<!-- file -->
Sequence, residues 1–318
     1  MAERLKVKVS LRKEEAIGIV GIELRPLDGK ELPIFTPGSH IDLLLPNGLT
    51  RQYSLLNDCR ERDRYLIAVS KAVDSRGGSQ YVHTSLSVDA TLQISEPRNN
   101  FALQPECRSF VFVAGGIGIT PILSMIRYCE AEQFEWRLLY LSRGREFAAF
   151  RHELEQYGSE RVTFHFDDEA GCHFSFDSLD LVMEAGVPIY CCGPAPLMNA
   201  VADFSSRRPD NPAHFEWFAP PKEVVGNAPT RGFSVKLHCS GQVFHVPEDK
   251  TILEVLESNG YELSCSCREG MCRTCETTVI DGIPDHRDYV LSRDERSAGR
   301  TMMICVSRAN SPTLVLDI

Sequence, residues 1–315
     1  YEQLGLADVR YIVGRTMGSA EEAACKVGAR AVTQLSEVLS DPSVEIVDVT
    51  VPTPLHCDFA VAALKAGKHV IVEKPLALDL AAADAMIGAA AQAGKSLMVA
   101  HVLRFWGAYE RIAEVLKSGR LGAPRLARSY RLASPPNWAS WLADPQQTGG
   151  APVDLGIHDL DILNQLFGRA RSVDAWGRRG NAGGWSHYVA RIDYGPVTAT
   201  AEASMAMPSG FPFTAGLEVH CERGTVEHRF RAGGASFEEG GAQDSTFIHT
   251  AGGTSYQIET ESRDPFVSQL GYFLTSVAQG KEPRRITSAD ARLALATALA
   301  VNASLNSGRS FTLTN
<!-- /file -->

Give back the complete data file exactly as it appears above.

Sequence, residues 1–318
     1  MAERLKVKVS LRKEEAIGIV GIELRPLDGK ELPIFTPGSH IDLLLPNGLT
    51  RQYSLLNDCR ERDRYLIAVS KAVDSRGGSQ YVHTSLSVDA TLQISEPRNN
   101  FALQPECRSF VFVAGGIGIT PILSMIRYCE AEQFEWRLLY LSRGREFAAF
   151  RHELEQYGSE RVTFHFDDEA GCHFSFDSLD LVMEAGVPIY CCGPAPLMNA
   201  VADFSSRRPD NPAHFEWFAP PKEVVGNAPT RGFSVKLHCS GQVFHVPEDK
   251  TILEVLESNG YELSCSCREG MCRTCETTVI DGIPDHRDYV LSRDERSAGR
   301  TMMICVSRAN SPTLVLDI

Sequence, residues 1–315
     1  YEQLGLADVR YIVGRTMGSA EEAACKVGAR AVTQLSEVLS DPSVEIVDVT
    51  VPTPLHCDFA VAALKAGKHV IVEKPLALDL AAADAMIGAA AQAGKSLMVA
   101  HVLRFWGAYE RIAEVLKSGR LGAPRLARSY RLASPPNWAS WLADPQQTGG
   151  APVDLGIHDL DILNQLFGRA RSVDAWGRRG NAGGWSHYVA RIDYGPVTAT
   201  AEASMAMPSG FPFTAGLEVH CERGTVEHRF RAGGASFEEG GAQDSTFIHT
   251  AGGTSYQIET ESRDPFVSQL GYFLTSVAQG KEPRRITSAD ARLALATALA
   301  VNASLNSGRS FTLTN